The three caldera-forming eruptions, respectively, were about 2,500, 700, and 6,000 times larger than the May 18, 1980 eruption of Mt. St. Helens in Washington State. Together, the three catastrophic eruptions expelled enough ash and lava to fill the Grand Canyon.

        In addition to the three climactic eruptions, activity associated with each of the three caldera cycles produced dozens or even hundreds of smaller eruptions that produced both lava and pyroclastic materials.

        How do the giant eruptions in the Yellowstone National Park region compare to other large historic eruptions?

        Figure 2 shows that the three largest Yellowstone eruptions emitted much more material than the eruptions of Mount St. Helens (1980), Mount Pinatubo (1991), Krakatau (1883), Mount Mazama (7,600 years ago), and Tambora (1815).

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  4. See, the little RV I have in mind would be perfect. Gotta go tell Husband. Then we can… go wherever we want, for however long it lasts!

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  5. How weird is it that the asteroid in the picture has the same name as my great-grandmother? I doubt she’d be flattered. On the purely practical side, I’d stuff the cats into the Honda and head to Madison WI, because I know quite a few people there. If I could go anywhere…hmmm…I’d need a grant to live in San Francisco, a passport to get to London…maybe if the chaos was great enough I could sneak across the border to Toronto? I know, Seattle. I love rain and coffee, so I’d be set!

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    1. I’m with you, CG, on the San Francisco — lived there in the 70s and promised I’d get back some day…

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  6. Good morning and good luck if an asteroid does hit us,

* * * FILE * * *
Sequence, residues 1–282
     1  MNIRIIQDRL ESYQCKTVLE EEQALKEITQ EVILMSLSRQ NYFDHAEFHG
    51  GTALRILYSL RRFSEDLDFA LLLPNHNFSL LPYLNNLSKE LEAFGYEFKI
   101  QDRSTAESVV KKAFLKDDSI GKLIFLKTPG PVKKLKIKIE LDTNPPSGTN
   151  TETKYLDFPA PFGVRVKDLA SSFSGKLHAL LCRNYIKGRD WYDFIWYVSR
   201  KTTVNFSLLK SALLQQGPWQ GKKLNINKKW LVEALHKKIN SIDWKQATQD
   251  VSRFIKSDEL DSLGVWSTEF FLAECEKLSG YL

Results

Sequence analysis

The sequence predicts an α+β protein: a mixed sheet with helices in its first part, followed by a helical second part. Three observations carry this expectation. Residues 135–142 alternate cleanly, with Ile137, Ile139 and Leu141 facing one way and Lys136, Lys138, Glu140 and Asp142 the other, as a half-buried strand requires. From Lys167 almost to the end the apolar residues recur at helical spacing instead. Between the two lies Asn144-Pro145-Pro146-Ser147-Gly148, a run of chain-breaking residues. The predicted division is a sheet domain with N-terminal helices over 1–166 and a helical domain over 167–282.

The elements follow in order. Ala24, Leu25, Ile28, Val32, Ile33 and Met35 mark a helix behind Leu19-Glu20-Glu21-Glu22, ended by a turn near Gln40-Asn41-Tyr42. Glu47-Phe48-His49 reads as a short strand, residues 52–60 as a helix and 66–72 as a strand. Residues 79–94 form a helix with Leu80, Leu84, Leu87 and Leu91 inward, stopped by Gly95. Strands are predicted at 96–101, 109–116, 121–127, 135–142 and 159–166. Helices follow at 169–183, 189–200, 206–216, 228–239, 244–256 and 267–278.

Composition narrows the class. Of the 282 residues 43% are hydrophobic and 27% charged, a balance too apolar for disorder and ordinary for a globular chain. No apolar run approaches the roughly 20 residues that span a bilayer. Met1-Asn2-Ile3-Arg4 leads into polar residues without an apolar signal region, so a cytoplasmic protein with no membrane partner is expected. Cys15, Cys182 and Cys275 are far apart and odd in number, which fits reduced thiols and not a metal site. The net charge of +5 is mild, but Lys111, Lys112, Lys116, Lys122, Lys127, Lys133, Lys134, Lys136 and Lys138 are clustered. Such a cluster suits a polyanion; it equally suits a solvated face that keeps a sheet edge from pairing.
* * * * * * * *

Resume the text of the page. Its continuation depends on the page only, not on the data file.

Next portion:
Well, if it was strickly up to me I would move to Bulgaria where I have a friend, the cost of living is low, and there are other things I like including the music and other aspects of the culture. However, I am a family man and would have to go some place that would work for my family such as my brother’s home in Maine or an old friend’s place in Canada. An other place I would go, if it was strickly up to me, is Bolivia with it’s amazing mountains, interesting culture, and many kinds of flora and fauna.

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      1. It would be nice to just take off on a trip if I could forget about other uses for the money needed to travel and the things that need to be done at home. We did manage to take a fairly long vacation only a few weeks ago.

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      2. oh jim, wouldn’t it be loverly. i was thinking as i typed… but he just got back.
        oh well sit here and lets just hope that asteroid doesn’t hit

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  7. If the question is where I’d go to duck the asteroid, I s’pose I’d want to go somewhere nice where the thing wasn’t expected to hit. I liked it in the Virgin Islands when I was there once. Rum was cheaper than Coka Cola and the prevailing ethic was “Don’ worry, Mon!”

    If on the other hand the asteroid was expected to vaporize Mother Earth, my options would be different. Perhaps I’d go to my cabin and thrill to the sunsets while reflecting reverently on the gift of life and how nice this world is, although I could do with fewer mosquitoes and deer ticks.

    But more likely I’d respond like that Gary Larson cartoon, the one with the two guys in a fishing boat and a mushroom cloud is boiling up over a distant city, and one fisherman says, “You know what this means, don’t you? No size restrictions and screw the limit!”

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      1. The Angry Trout can be easily calmed with a chocolate covered cake donut from World’s Best (at least it works for me when I’m up there).

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  8. If I needed to move quickly, I might head for Brainerd and my aunt’s house near the Mississippi river just outside of town. I’d be with family, in a lovely stretch of the state, and I wouldn’t have to explain much to Daughter that might make her nervous (just that we’re off for visit). Added bonus: my hound would be welcome as well.

    If I had longer to plan, back to Norway I’d go. I have cousins there who I’m sure would take me in at least until I could get resettled, it feels enough like home that I might miss the extended family a little less (oh, heck, I might have to pack up Brother and his family to come along with me – and maybe the immediate cousins). Since it seems like most of the country is pretty fluent in English, I could probably muddle through without knowing the language for awhile. And I wouldn’t have to explain my hankerings for gjetost.